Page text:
With Tianwen-1 China aims orbiting, landing, roving on Mars in one mission

An artist's illustration of China's first Mars rover Tianwen-1 on the Red Planet. (CNSA)
As the flurry of missions to Mars continue, China is all set to launch its first spacecraft to the Red Planet. Dubbed Tianwen-1, the launch is likely to take place on July 23 as Mars comes close to Earth in its orbit. 

In one of the most ambitious space explorations, China aims to achieve orbiting, landing and roving on the Red Planet in a single mission. According to Global Times, China's Mars orbiter will carry seven scientific payloads, while the rover will have six instruments to explore the Red  Planet. 

Approved by Chinese authorities in January 2016, Tianwen translates to "questions about the heavens," and has been adapted from ancient Chinese verse by poet Qu Yuan. "In 'Tianwen,' Qu Yuan raised a series of questions in verse involving the sky, stars, natural phenomena, myths and the real world, showing his doubts about some traditional concepts and the spirit of seeking the truth," Xinhua reported.  

The Mars probe will travel as far as 400 million kilometers into deep space. (Source: CNSA)

According to a paper published in the Nature Astronomy, The Tianwen-1 orbiter will provide a relay communication link to the rover while performing its own scientific observations for one Martian year. The orbiter will map the planet's morphology (formation) and geological structures using the Mars-Orbiting Subsurface Exploration Radar instrument. It will also observe the soil characteristics and water-ice distribution. 

Meanwhile, the rover which will land in Utopia Planitia basin is expected to be in operation for 90 Marian days. It will observe the surface soil characteristics and analyse the surface material composition with reference to the planet's climate and environment. The Utopia Planitia basin holds significance as it was also the landing site for NASA’s Viking Lander 2 in 1976. Images sent back by the probe showed a thin coating of water ice on the rocks and soil.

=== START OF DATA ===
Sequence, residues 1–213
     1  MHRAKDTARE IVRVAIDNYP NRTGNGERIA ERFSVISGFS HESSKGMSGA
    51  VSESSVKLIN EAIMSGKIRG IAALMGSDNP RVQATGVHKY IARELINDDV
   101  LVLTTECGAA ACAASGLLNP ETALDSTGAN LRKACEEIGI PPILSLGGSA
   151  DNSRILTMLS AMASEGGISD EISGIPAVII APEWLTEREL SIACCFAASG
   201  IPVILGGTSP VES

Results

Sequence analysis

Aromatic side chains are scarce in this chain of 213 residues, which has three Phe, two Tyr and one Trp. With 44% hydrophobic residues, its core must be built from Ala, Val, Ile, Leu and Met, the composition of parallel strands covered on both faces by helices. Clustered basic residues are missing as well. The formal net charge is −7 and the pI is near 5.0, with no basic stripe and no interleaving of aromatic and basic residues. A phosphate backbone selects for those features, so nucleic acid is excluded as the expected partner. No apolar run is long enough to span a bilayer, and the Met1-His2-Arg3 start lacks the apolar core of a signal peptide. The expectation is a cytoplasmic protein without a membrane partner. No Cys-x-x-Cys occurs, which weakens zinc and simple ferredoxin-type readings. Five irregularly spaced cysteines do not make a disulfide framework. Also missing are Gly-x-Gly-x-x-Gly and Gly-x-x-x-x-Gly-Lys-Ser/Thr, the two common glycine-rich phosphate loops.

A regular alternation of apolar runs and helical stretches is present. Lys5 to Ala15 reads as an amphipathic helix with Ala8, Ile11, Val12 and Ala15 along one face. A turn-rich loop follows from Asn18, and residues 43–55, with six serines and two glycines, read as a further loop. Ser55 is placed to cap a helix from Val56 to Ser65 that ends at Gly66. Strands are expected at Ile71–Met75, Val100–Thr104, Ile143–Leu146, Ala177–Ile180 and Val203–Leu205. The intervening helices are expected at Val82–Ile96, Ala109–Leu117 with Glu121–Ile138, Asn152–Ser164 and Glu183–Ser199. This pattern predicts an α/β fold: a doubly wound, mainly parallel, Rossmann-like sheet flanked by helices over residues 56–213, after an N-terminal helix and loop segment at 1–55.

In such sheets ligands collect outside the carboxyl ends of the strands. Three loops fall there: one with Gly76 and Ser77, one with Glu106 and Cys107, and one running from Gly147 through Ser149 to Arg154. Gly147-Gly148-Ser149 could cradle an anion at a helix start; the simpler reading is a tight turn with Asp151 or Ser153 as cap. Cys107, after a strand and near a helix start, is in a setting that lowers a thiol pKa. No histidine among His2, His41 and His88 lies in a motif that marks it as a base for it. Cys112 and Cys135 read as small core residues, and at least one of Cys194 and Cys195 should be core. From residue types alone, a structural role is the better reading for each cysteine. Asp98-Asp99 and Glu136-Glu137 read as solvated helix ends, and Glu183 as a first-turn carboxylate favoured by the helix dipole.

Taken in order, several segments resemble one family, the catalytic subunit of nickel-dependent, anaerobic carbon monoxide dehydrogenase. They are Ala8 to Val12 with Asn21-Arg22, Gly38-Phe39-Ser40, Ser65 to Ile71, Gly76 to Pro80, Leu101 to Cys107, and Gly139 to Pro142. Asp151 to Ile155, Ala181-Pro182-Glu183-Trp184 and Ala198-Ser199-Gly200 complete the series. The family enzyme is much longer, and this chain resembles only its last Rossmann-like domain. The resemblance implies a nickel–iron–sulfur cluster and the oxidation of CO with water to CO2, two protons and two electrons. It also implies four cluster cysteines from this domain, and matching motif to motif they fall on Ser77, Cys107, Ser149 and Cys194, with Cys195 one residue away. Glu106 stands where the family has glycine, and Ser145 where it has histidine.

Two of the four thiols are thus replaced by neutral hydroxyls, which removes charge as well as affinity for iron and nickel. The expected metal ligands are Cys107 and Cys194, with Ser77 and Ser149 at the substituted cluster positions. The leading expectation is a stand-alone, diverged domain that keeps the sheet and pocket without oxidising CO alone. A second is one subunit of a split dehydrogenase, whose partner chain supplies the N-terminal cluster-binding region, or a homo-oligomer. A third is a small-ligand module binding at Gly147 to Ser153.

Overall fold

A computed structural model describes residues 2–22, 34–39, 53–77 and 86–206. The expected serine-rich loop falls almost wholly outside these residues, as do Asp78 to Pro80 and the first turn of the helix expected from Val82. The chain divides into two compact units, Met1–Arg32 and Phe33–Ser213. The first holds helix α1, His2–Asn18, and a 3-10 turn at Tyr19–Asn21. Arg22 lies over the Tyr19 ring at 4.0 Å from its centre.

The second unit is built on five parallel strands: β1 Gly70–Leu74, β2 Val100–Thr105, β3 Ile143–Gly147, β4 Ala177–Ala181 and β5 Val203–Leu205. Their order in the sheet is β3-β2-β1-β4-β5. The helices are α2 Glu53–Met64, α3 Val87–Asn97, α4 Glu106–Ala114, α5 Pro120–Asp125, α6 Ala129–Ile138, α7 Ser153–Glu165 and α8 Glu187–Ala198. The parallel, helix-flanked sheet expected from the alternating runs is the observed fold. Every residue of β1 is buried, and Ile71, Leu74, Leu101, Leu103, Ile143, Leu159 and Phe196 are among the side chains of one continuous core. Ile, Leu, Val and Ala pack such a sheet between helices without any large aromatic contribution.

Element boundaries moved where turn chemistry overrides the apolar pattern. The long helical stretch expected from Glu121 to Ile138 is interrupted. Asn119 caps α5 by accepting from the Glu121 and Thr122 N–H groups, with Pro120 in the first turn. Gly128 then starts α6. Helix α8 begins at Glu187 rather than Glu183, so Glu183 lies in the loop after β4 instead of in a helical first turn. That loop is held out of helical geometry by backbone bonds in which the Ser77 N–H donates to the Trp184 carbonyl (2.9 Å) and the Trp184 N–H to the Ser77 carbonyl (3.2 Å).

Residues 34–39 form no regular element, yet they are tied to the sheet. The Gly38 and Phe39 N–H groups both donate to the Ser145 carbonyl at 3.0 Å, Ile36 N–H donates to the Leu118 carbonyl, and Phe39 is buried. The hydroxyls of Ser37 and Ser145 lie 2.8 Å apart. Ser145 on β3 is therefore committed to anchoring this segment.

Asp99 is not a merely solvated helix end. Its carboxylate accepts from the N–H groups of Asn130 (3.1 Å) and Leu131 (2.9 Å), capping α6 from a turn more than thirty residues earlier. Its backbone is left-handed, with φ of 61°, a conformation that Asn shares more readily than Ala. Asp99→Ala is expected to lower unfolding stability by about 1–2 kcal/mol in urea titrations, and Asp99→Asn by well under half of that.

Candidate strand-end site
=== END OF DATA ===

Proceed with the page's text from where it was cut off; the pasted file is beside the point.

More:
The Mars probe will travel as far as 400 million kilometers into deep space, and the Earth-Mars transfer flight will take almost seven months. The spacecraft will arrive at the Red Planet in February 2021. 

The orbiter will map the planet's morphology (formation) and geological structures. (Source: CNSA)

Beijing is using it’s homegrown Long March-5 rocket, a heavy-lift booster to launch the Mars mission.  The heavy, cryogenic liquid launch vehicle has been developed by China Aerospace Science and Technology Corporation. It stands 184 feet in height and is capable of carrying payloads of up to 25,000 kilograms into low Earth orbit and 14,000 kg to a higher geostationary transfer orbit. After Mars, China aims to use the rocket to launch it's Lunar Space Station and Chang's Moon sample return mission.  

Meanwhile, China is also building a 70-meter reflector antenna for the Mars exploration mission in Wuqing district, Tianjin, Global Times reported. As a key equipment for receiving the data from the Mars exploration, the high-performance antenna is 72 meters high and weighs 2,700 tons. Composed of 1,328 high-precision panels, it is about the size of nine basketball courts.

China's heavy-lift Long March 5 rocket has been used for Lunar mission. (Source: China Aerospace Science and Technology Corporation)

The equipment is expected to receive data from Mars by October this year.

The new launch comes days after UAE became the latest country to send a probe to our distant neighbour. The Hope Probe aims to provide the first-ever planet-wide, 24x7 picture of Mars’ atmospheric dynamics and weather. The Chinese mission is to be followed by NASA’s Perseverance Rover mission likely to be launched on July 30 to study the presence of ancient microbial life on Martian surface. 

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